The principles underlying most approaches to brief interventions were systemized by Hester and Miller in what is called the FRAMES model:
Several studies indicate that brief interventions for risky drinking and alcohol abuse are efficacious and feasible in primary health care and other medical settings. Brief interventions are beginning to be required in some medical settings. This stated, other studies have reported little effect. For example, Saitz and colleagues recently found that brief interventions for medical inpatients were not significantly associated with subsequent receipt of alcohol treatment assistance or with amount of drinking. Other studies have reported that brief interventions are no more effective than other simpler approaches. For example, Holloway and colleagues found that, regarding changes in subsequent drinking, providing hospital inpatients with a self-help booklet was as effective as a 20 minute brief intervention.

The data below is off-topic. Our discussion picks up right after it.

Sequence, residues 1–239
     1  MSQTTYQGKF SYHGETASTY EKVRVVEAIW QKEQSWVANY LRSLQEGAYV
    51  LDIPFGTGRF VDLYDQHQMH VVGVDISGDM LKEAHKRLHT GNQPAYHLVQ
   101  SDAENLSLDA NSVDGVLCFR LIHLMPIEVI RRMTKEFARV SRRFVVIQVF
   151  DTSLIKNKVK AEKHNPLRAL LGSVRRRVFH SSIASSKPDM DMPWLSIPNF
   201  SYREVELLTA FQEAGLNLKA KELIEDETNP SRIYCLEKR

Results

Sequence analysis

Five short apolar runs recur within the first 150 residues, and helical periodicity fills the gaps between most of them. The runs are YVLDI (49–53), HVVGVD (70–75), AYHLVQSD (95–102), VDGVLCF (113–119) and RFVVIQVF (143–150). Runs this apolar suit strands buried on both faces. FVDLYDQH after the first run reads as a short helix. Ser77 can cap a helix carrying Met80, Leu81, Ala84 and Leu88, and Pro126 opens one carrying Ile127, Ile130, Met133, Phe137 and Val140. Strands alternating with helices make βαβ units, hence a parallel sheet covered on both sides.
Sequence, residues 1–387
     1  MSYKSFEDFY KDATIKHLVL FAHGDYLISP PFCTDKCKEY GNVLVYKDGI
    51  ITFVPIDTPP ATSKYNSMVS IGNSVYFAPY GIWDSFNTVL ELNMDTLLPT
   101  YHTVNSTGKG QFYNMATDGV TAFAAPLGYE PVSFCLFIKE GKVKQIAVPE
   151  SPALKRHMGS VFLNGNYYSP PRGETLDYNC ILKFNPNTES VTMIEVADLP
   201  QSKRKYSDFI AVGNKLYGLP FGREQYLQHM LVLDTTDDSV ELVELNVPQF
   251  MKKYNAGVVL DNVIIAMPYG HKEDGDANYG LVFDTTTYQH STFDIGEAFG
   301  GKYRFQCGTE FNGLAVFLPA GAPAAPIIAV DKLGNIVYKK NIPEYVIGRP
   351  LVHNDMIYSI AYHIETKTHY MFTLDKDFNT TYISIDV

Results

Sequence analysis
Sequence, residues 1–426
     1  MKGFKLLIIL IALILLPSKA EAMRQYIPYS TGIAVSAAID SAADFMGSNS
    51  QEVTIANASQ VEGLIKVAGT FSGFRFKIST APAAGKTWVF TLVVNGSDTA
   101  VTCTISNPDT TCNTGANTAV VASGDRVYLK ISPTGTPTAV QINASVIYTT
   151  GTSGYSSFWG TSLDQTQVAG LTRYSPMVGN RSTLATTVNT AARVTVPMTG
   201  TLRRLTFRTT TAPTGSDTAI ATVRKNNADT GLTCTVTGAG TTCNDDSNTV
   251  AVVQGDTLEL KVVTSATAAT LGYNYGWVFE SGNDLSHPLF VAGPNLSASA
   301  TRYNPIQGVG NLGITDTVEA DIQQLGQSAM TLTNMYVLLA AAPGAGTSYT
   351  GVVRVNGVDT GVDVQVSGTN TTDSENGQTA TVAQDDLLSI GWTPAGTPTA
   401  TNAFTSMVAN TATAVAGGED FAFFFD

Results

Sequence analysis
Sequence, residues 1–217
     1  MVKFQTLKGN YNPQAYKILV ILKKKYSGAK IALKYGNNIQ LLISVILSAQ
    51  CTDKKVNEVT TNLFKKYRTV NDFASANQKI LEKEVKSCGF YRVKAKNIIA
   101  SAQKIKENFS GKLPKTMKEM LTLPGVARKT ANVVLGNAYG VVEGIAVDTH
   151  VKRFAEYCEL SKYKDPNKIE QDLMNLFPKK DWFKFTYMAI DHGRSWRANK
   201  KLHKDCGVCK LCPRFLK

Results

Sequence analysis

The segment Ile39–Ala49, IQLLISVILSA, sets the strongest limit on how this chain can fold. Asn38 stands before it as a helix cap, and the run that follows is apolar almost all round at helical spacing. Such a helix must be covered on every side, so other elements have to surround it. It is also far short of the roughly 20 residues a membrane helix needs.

The efficacy of brief interventions for illicit drug use is not yet known because little research on the topic has been conducted. This notwithstanding, in what appears to be the first randomized, controlled trial for brief interventions with MA users, Srisurapanont et al. compared a group of young adolescent methamphetamine users who received two 20-minute brief motivational interventions versus students who received one 15-minute psychoeducation session. Both groups showed a significant decrease in frequency and amount of MA use; however, at eight weeks, the brief intervention group had significantly less days of MA use than the psychoeducation group[3,4,6].